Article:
Ah, yes, now how many of you are enrolled in our mortuary science program? Two, three, four… A sizable handful of you this year. Well, you've clearly done your research, because the Distance Education Annex is very competitive in that field. You'll find that we take a more... holistic approach than some other higher education institutions. To be the best, we know that it takes both a bold march forward towards innovation as well as a keen insight into history. Under those guiding principles, you'll learn the very latest skills and techniques, and practice on the best and most advanced equipment available. You'll be under the watchful eyes and guiding hands of our peerless faculty, like Dr. Cain. Indeed, you'll be pushing the very boundaries of mortuary science here at the Distance Education Annex.
As I said, however, we look both to the future and the past at the Distance Education Annex. So while you'll learn all that the inestimable Dr. Cain has to offer, you'll also drink deeply from the well of history under the tutelage of Dr. Allen. In fact, here he is now. Good day, Dr. Allen. Don't let his youthful appearance fool you, students -- Dr. Allen's knowledge of the past is so thorough, you'll swear he'd been there himself. Though his primary field of teaching regards archaic methods of preservation, I think you'll find his command of historic life quite impressive. In fact, he has been known to regale a few students with little-known facts about their own ancestors! Here at the Distance Education Annex, the faculty is full of surprises.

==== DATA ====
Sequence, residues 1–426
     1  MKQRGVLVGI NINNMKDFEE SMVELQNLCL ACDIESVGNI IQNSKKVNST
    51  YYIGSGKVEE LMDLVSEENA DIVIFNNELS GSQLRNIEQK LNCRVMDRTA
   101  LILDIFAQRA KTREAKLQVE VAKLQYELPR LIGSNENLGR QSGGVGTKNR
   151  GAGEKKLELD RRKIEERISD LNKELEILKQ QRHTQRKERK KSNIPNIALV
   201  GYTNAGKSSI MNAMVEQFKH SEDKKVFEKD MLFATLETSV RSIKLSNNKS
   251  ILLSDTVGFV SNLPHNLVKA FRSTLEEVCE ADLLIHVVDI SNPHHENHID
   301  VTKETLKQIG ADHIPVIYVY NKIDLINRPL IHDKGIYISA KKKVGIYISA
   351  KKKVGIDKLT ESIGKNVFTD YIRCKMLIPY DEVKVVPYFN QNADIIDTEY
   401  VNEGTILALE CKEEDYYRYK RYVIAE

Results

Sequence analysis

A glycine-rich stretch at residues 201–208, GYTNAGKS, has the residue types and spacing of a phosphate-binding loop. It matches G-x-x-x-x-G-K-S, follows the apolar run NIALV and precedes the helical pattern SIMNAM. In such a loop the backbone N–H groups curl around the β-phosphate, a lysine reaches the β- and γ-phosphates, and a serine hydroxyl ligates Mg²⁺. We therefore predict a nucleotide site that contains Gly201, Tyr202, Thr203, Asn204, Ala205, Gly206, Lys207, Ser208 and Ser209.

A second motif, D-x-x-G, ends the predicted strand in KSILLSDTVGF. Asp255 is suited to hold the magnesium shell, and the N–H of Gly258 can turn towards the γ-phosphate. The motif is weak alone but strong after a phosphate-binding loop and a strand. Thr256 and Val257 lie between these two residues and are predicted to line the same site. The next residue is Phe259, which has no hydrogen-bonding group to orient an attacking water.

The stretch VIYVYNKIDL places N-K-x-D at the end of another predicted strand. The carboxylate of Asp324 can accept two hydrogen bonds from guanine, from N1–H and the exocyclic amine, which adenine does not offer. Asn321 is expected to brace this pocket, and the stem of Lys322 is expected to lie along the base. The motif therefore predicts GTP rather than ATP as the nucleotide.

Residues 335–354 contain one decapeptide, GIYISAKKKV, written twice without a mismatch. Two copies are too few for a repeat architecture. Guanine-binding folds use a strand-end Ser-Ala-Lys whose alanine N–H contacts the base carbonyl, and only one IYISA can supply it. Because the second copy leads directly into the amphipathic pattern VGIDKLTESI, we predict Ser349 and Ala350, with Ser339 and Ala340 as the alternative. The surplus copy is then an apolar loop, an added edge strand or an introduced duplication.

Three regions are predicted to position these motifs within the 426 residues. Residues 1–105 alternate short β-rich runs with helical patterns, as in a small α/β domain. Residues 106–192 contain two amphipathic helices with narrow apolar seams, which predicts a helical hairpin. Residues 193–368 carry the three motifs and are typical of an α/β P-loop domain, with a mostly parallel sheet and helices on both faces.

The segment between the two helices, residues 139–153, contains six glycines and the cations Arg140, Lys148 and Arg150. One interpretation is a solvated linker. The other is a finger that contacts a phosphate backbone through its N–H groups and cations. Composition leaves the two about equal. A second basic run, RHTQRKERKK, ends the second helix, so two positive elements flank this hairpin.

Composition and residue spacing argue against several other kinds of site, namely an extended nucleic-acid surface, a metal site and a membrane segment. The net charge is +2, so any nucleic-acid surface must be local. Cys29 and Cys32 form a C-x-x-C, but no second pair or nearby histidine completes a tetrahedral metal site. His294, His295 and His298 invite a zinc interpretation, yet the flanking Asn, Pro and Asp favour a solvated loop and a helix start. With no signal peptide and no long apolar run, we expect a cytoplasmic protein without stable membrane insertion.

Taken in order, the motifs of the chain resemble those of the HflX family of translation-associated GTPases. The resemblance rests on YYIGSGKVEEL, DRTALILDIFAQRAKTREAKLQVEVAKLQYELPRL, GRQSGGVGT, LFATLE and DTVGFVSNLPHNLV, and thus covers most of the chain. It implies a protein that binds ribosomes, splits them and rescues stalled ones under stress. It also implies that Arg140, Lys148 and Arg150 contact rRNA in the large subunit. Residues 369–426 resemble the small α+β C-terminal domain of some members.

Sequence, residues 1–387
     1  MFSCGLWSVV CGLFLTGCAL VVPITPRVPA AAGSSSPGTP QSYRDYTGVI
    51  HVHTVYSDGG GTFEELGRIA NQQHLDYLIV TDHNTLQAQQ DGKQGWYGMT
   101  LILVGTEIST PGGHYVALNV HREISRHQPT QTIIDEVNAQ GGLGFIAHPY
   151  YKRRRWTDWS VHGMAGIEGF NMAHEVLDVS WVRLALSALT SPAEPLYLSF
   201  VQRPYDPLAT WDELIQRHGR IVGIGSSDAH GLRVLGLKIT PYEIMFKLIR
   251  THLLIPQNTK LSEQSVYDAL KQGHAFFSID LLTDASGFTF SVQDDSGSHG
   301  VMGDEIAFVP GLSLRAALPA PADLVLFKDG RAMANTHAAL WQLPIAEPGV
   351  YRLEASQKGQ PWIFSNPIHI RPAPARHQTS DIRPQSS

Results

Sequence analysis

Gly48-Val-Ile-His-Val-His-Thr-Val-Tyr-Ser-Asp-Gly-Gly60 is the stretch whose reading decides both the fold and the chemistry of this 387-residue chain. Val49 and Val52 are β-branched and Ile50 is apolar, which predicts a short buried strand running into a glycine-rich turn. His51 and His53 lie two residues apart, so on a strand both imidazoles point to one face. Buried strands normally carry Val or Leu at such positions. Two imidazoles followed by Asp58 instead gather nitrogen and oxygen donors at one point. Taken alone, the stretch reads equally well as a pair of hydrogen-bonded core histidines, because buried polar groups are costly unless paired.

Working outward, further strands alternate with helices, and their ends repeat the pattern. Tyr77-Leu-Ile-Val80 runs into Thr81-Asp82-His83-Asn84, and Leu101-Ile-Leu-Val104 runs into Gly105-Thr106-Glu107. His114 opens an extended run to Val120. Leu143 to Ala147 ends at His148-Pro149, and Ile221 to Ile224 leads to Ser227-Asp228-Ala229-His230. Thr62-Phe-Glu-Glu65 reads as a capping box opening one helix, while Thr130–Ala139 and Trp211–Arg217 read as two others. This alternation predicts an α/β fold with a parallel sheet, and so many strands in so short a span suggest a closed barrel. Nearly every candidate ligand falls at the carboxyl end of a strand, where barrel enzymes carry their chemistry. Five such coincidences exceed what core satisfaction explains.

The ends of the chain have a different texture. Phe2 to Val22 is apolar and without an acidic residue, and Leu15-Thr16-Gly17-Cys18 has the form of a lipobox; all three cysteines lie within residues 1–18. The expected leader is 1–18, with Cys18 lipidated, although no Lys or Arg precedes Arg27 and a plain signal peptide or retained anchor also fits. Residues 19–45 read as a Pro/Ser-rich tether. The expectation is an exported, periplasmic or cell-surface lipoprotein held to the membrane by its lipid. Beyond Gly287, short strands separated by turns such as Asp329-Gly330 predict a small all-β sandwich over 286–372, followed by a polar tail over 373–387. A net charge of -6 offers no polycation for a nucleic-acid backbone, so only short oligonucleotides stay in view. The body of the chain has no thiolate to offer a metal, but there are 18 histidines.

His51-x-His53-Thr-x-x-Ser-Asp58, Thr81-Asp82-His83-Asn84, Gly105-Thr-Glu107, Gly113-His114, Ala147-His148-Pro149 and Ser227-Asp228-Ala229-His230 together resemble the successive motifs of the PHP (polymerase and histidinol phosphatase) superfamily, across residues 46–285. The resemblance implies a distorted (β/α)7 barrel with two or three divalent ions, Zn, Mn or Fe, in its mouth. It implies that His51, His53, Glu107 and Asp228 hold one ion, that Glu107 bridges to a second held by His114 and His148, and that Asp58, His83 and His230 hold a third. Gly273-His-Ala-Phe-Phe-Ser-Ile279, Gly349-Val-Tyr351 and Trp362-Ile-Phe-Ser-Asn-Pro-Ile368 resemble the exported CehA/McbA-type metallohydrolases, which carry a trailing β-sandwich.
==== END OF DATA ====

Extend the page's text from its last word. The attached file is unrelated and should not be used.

I see a few of you are noticing some rather enticing smells as we round this corner here -- let's just poke our heads in and see what Professor Shadrach is cooking up, shall we? This is our culinary studies area, and as you can see Professor Shadrach keeps a well appointed larder. Say now, Professor, what's that you're cooking up now that smells so aromatic? I'm sorry? What's this about your engine? Ah, of course, Indian - I thought I smelled curry and coconut. Why yes, these are the new students, fresh in for orientation. Never you worry, Professor, I'm sure they'll cross your table soon enough. Now, come along everyone, let's leave the good chef to his victuals and be on our way…